Welcome Aimee!

We’re delighted to welcome our new CARA bandmate, Aimee Farrell Courtney! Aimee won the 2010 World Bodhrán Championship, and having played with her, we can see how…we’re delighted that she’s agreed to join CARA, and she’ll be playing with us on our quintet dates – you can check them out here:

September Update

CakeIt’s my 40th birthday! I enjoy living so much that I don’t like to think about mortality too much, but “the big 4 – 0” has made me take stock; I hope that, if I’m lucky, I still have half of my life to go (or maybe even more, if I’m really lucky!). And I’m grateful for all the blessings I’ve had in the past forty years. I have been so fortunate in terms of my childhood, my family, loved ones, and friends, and the fact that I’m able to carve out a career for myself doing what I love; creating and sharing songs and music. I was touched by the honest, open songwriting of young people at this summer’s BandCamp at The BIG Project. Thanks for your votes last month as well – The BIG Project Youth Choir won Young Community Musicians of the Year 2018! I had a lovely gig with Lorna Brooks; it was so nice to share a gig and an evening with her. And very soon, with CARA, I’ll be heading back to a Medieval festival in Selb which was an absolute hoot last time and I’m sure it will be again…I’m a lucky bunny. Thanks for making my job possible! Fingers crossed that I can keep writing, performing and making music in the community for another forty years…

If you’d like to celebrate with me, I’d be delighted if you’re able to make it along to one of the gigs on the forthcoming CARA tour in Scotland…If you saw us on our first Scottish tour back in 2016, we now have a brand new live album out, including 7 new songs and tunes that we’d love for you to hear, including Moran Taing, a thank you song that I wrote for my dad. And if you haven’t seen us before, here’s a wee taster:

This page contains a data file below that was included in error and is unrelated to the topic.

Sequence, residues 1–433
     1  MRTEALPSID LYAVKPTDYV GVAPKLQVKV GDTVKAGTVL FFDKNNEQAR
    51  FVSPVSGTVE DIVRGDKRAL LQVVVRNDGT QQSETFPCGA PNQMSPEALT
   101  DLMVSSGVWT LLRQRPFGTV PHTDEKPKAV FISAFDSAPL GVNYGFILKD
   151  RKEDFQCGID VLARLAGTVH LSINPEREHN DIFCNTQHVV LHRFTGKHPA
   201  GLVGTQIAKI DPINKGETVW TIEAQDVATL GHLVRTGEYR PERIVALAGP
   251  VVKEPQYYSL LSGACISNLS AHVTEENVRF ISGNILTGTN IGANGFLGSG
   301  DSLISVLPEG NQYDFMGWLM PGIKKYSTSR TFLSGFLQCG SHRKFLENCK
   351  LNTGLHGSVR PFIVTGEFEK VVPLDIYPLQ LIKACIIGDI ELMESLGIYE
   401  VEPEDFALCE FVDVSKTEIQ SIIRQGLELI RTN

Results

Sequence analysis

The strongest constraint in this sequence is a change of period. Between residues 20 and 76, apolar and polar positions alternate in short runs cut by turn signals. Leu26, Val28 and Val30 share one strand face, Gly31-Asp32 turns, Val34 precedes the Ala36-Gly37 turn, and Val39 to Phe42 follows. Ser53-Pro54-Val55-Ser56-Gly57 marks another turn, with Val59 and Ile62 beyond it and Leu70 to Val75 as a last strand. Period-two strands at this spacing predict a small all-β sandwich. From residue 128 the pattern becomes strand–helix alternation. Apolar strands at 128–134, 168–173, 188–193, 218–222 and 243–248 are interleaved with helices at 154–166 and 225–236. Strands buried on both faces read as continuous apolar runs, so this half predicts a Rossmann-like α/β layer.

The BIG Project Youth Choir

Big Project Youth ChoirI’m really delighted to announce that The BIG Project Youth Choir are winners of the Hands Up For Trad Young Community Musicians Of The Year 2018! Thanks to everyone who voted, and well done to all the winners (including generous and supportive community musicians Alison Burns, Jane Lewis and Protest in Harmony who have inspired and helped us along the way!) and indeed all of the nominees, including Stephen Deazley at Love Music who are out there doing fantastic work across Scotland. And finally, thanks to Hands Up for Trad for thinking to shine a light on it all…happy days

Lovely fRoots Review For Stories Untold

Here’s a lovely review for my new album from fRoots:

Kim Edgar, Stories Untold (Quietly Fantastic QFM004).

Edinburgh songwriter-pianist delivers inspiring, thought-provoking original

songs conveying both the uplift and heartbreak of love and taking their cue

from core credos ‘love is the key’ and ‘write what you love’.  Intelligent

quasi-orchestral arrangements impart a dimension of intimate grandeur.

CARA Autumn Tour Blog 2015 – Final Days

I’ve been loathe to write a post this past week, with all that’s been going on in Paris and around the world, as well as close to home.